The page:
First Order Differential Equations
Second Order Differential Equations
Vector Differentiation
Vector Integration

Problems on Line Integral-1

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Example 1 :

If  \vec F = 3xy\hat i - {y^2}\hat j determine the value of  \int\limits_c {\vec F.d\vec r} where C is the curve  y = 2x^2 in the xy plane from (0, 0) to (1, 2).

Solution :

The curve lies in xy plane, so, z = 0. z can never be taken as independent variable z is a dependent variable. Now, out of x and y, any one variable can be taken as independent.
Suppose x is taken as independent variable

 y = 2x^2, dy = 4xdx

 \vec F \cdot d\vec r = 3xydx - y^2dy

 = 6x^3dx - 4x^4 \cdot 4xdx

 = (6x^3 - 16x^5)dx


So, the line integral  \int\limits_C {\vec f \cdot d\vec r} reduces to a definite integral.

 \int\limits_0^1 {(6{x^3} - 16{x^5})dx} = \left. {6\dfrac{{{x^4}}}{4}} \right|_0^1\left. { - 16\dfrac{{{x^6}}}{6}} \right|_0^1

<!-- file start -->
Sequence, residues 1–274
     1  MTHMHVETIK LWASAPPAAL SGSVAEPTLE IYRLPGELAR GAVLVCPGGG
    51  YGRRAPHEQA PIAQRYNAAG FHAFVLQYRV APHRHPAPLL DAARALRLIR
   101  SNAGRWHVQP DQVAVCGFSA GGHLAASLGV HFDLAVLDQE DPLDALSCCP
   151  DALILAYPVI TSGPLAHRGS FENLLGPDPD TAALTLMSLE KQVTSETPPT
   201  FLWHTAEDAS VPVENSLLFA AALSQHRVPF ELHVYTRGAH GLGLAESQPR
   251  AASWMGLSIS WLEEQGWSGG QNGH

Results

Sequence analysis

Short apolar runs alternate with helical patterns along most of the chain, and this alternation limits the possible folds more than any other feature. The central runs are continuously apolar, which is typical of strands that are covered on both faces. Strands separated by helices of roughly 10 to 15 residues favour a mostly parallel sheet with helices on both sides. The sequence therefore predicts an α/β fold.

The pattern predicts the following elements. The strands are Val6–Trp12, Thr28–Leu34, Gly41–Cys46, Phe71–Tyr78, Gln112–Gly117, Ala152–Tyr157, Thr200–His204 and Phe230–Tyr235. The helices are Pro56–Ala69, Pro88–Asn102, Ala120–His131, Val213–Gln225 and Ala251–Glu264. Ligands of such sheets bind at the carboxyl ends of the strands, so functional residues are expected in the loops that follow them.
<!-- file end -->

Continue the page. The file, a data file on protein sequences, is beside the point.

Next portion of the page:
= - \dfrac{7}{6}

If y is taken as independent variable then x can be expressed in terms of y as

 x = \sqrt {\dfrac{y}{2}}, dx = \dfrac{1}{{2\sqrt 2 }}\dfrac{1}{{\sqrt y }} \ dy

So,  \vec f \cdot d\vec r = 3xydx - y^2dy

 = 3y\sqrt {\dfrac{y}{2}} \cdot \dfrac{1}{{2\sqrt 2 }} \dfrac{1}{{\sqrt y }}dy - y^2dy

 = \left( {\dfrac{3}{4}y - {y^2}} \right)dy

So, the line integral  \int {\vec f \cdot d\vec r} reduces to a definite integral

 \int\limits_0^2 {\left( {\dfrac{3}{4}y - {y^2}} \right)dy} = \left. {\dfrac{3}{8}{y^2} - \dfrac{{{y^3}}}{3}} \right|_0^2 = - \dfrac{7}{6}

Example : 1

Evaluate  \oint {xdy - ydx} around a circle  x^2 + y^2 = r^2

Solution :

Let C denotes the circle. The parametric equations of circle is

 x = r \cos \theta

 y = r \sin \theta

Here, x and y have been expressed in terms of parameter which varies from 0 to  2 \pi as one traverses the circle.

 x = r \cos \theta \Rightarrow dx = - r \sin \theta \ d \theta

 x = r \sin \theta \Rightarrow dy = r \cos \theta \ d \theta

 x dy - y dx = r \cos \theta r \cos \theta d \theta - r sin \theta (- r sin \theta) d \theta


 = r^2d \theta

So,  \oint\limits_c {xdy - ydx = {r^2}\oint {d\theta } } = 2 \pi r^2

Here, r is a constant, because integral is carried over a circle.